It didn’t take long for the COAG announcement about parallel importation of books to flush the myopic forces of cultural protectionism out. Today we learnt that the Australian Publishers Association and the Australian Society of Authors had hired Hawker Britton to stymie efforts to remove protectionist restrictions on Australia’s book industry.

Successive governments have either wussed it or been blocked by the Senate from removing restrictions on the sale of books. Allan Fels did sterling work on this issue over a number of years but left the ACCC without having seen the last bastion of books brought down, as software and import music restrictions had been. That COAG agreed to fix this anti-competitive rort was an unexpected delight emerging from last week’s meeting. Peter Garrett, who led the music industry charge against Fels back in the 1990s, must be having conniptions.

Australian publishers, like other beneficiaries of media regulation like the FTA TV networks and music companies, have had to watch as their fortresses of protectionism have been bypassed by the internet, with consumers exercising the power it hands them to get what they want when they want it, legally or illegally. With a strong Australia-US exchange rate, there’s never been a better time to buy GST-free books from Amazon.

(Strangely, author Nick Earls argues that consumers using the internet to buy books means no reform is needed. It’s not often that evidence that an industry model is failing to meet consumer needs is held up as a reason why it is working just fine.)

Books aren’t the only front on which cultural protectionists are moving. A fortnight ago, ABC TV head Kim Dalton called for a regulatory response to the fact that Australian content requirements on television were being left behind by the shift of content to the internet. Dalton’s point was correct, but his solution, for the government to regulate online content, comes straight from the analog era he was declaring we had left behind.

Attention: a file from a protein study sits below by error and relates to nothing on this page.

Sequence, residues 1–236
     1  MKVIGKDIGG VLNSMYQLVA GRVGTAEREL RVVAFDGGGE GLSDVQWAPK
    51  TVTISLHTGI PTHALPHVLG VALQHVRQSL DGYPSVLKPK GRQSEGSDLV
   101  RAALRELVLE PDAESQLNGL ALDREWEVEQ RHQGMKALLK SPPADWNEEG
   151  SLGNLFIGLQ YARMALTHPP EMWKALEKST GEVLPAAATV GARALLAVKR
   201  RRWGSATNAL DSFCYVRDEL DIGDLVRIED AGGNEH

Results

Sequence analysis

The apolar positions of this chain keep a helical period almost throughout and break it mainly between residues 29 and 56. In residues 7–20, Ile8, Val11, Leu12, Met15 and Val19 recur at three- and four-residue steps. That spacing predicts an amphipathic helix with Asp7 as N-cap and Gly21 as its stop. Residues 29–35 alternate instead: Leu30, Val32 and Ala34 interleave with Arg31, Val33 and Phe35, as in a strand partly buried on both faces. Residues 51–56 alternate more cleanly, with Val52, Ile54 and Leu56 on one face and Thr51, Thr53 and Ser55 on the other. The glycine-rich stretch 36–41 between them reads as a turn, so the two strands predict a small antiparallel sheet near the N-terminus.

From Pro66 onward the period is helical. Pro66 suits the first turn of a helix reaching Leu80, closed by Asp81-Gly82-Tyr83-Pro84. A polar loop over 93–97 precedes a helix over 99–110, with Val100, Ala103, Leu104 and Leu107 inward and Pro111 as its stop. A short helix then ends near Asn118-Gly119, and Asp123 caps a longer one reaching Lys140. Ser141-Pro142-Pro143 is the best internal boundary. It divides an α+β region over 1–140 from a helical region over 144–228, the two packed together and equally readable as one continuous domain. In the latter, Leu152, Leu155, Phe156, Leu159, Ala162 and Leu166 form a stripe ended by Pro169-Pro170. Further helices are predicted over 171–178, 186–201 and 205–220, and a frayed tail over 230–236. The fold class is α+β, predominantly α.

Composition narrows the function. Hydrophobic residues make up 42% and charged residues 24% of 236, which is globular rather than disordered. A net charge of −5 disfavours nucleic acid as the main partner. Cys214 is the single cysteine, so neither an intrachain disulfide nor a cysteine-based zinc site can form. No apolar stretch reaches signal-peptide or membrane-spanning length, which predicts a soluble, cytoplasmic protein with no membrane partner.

The answer is for the ABC to create compelling Australian content available across all its platforms (which, it must be acknowledged, it is far ahead of other broadcasters in doing). But the regulate-or-hell mindset is particularly strong in television, where one of the most aggressive rentseekers and protectionists of all, the Screen Producers Association, routinely demands the imposition of draconian content levels on networks and requirements for external production — all intended to drive trade directly to its own members, under the guise of supporting Australian content.

What cultural protectionism amounts to is a mistrust of Australian consumers. Protectionists may declare that Australians will watch/read/listen to “our stories, told well” but either don’t believe it or don’t trust their own capacity to deliver just that. Until ten years ago, they could rely on Governments to regulate the problem away. But online content and commerce routes around that problem very nicely indeed.

The Australian Publishers Association’s campaign should be seen for what it is — the last holdout of copyright protectionism by an industry that fears competition and its inability to meet the demands of Australian consumers.

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Peter Fray
Peter Fray
Editor-in-chief of Crikey
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